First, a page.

High sds product decreases metabolic responses and may increase satiety

Vinoy S. et al. | April 2020


Objectives:  To compare the effects of two cereal products differing by their slowly digestible starch (SDS) content and by their glycaemic index (GI) on plasma glucose and insulin (Experiment I) and on subjective satiety scores (Experiment II) when eaten as part of a realistic breakfast.
Design:  A randomised double-blind within-subject design with subjects eating the breakfast with a high SDS (HSDS) or low SDS (LSDS) cereal product in counter-balanced order.
Subjects:  Twelve healthy young adults (6 males, 6 females) participated in both Experiments I and II and 12 adults (6 males, 6 females) were added to participate in Experiment II.
Methods:  In Experiment I, blood samples were drawn prior to and at various rates over a postprandial interval of 240 min for plasma glucose and insulin assays. In Experiment II, hunger and gastric fullness scales were rated prior to and every 30 min over the same postprandial interval as in Experiment I.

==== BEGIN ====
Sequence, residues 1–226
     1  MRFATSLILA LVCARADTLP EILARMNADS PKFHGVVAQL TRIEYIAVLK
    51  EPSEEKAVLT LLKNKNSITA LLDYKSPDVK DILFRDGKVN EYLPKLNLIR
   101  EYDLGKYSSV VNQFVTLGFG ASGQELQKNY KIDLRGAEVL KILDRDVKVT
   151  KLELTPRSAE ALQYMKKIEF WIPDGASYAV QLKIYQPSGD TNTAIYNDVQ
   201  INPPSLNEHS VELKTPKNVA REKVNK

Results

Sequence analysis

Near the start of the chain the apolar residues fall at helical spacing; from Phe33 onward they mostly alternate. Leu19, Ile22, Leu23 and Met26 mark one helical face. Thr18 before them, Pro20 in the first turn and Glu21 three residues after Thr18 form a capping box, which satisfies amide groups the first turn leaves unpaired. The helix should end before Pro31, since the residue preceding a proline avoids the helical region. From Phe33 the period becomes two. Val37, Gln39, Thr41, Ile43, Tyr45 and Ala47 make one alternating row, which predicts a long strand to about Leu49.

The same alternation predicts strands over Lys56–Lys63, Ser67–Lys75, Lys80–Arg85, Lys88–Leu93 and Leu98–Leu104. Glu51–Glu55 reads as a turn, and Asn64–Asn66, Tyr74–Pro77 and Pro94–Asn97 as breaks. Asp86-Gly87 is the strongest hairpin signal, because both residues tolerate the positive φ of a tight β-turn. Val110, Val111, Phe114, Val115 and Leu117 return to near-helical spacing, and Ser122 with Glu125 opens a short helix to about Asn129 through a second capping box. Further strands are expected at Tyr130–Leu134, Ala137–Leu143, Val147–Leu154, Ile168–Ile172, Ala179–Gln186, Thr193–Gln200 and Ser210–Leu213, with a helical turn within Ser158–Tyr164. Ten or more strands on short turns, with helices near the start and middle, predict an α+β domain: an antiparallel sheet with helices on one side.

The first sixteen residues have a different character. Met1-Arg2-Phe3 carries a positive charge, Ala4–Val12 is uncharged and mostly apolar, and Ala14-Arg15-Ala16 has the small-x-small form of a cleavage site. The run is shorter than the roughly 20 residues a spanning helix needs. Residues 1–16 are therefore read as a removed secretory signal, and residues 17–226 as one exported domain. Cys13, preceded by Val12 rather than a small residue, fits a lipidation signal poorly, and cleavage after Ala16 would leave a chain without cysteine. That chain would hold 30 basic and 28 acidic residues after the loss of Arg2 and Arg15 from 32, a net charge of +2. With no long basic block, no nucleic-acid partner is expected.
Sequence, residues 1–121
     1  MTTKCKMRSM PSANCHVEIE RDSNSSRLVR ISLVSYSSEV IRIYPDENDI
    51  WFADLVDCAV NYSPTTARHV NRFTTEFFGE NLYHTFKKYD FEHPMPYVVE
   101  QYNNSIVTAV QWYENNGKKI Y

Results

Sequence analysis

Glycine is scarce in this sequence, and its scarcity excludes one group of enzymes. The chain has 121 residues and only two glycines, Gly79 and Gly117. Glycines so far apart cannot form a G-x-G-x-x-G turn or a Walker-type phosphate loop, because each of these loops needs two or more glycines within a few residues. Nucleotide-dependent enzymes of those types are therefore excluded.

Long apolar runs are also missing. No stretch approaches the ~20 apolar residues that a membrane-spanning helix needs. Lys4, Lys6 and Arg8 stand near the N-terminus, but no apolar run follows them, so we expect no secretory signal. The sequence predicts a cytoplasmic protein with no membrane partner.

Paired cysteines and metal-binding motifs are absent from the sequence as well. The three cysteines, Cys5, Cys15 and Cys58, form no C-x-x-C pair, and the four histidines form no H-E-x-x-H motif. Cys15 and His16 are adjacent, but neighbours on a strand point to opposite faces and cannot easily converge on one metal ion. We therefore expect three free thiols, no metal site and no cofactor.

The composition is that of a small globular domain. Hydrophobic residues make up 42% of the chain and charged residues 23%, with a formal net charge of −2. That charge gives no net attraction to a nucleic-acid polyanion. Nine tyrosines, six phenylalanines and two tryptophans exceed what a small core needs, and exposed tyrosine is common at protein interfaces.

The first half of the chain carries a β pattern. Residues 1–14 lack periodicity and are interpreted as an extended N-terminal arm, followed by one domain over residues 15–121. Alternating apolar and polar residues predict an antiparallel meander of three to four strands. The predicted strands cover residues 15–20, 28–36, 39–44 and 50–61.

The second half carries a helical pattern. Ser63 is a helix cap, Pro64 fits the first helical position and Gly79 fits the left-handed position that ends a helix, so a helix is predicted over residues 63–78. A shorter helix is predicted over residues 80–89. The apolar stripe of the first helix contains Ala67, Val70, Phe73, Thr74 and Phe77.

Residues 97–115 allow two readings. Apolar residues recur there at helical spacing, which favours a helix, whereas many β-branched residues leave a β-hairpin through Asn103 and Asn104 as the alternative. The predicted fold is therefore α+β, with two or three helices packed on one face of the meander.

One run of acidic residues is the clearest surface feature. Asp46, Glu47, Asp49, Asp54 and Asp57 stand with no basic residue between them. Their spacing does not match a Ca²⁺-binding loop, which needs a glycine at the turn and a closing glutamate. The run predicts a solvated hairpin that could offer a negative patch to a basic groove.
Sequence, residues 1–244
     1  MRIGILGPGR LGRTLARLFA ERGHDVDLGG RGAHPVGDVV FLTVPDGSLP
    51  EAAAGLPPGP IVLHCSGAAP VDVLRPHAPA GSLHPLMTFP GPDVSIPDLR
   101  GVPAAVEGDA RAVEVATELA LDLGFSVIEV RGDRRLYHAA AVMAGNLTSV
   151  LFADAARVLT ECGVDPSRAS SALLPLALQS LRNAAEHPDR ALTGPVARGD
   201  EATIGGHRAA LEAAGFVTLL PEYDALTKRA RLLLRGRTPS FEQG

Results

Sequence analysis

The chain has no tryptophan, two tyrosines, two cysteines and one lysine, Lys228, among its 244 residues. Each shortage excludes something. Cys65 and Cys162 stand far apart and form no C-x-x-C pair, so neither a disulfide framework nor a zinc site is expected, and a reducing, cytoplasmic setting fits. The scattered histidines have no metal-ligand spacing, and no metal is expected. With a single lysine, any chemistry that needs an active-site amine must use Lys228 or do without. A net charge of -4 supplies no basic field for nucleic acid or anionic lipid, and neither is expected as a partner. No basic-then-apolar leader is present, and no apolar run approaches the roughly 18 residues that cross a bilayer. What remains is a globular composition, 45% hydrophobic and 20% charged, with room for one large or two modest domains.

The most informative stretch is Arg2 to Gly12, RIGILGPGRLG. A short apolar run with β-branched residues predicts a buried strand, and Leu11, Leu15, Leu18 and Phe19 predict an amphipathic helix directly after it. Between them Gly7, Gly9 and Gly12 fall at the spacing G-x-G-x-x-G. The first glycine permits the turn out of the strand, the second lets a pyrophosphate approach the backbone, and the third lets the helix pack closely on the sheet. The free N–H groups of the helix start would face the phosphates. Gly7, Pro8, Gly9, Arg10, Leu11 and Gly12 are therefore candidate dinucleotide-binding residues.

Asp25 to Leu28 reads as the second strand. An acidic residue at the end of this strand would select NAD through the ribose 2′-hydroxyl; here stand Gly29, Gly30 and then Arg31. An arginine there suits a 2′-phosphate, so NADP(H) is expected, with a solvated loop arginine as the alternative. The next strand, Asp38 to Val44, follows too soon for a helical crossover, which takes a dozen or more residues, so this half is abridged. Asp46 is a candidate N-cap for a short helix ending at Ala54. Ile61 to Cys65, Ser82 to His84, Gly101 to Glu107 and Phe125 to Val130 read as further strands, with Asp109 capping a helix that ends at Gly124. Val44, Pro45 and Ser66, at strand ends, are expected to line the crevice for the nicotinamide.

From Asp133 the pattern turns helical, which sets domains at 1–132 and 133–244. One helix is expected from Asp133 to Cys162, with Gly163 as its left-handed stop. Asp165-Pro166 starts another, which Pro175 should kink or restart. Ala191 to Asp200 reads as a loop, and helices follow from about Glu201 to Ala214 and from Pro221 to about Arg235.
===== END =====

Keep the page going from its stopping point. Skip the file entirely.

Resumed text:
Results:  In Experiment I, plasma glucose and insulin incremental areas under the curves (iAUC) over 120 min were lower in the HSDS than in the LSDS condition (P = 0.03 and P = 0.004 respectively). Total AUC over the 240 min (tAUC) for plasma insulin but not glucose was lower in the HSDS than in the LSDS condition (P = 0.01). At 240 min, plasma glucose concentrations were higher in the HSDS than in the LSDS condition (P = 0.04). In Experiment II, hunger ratings were lower and gastric fullness ratings higher in the HSDS than in the LSDS but this difference occurred mainly between 90 and 160 min.
Conclusions:  A cereal product with a high SDS content reduces the postprandial glucose and insulin responses and increases the satiety of a breakfast.

KEYWORDS: slowly digestible starch, glycaemic index, satiety, insulin, cereal products, glucose response

AUTHORS: S. Vinoy, R. Aubert and D. Chapelot
A cereal product high in slowly digestible starch increases subsequent feelings of satiety and decreases glucose and insulin responses.
Journal of Human Nutrition & Food Science 2020, 8(1): 1132.


 © 2020 Vinoy S, et al.

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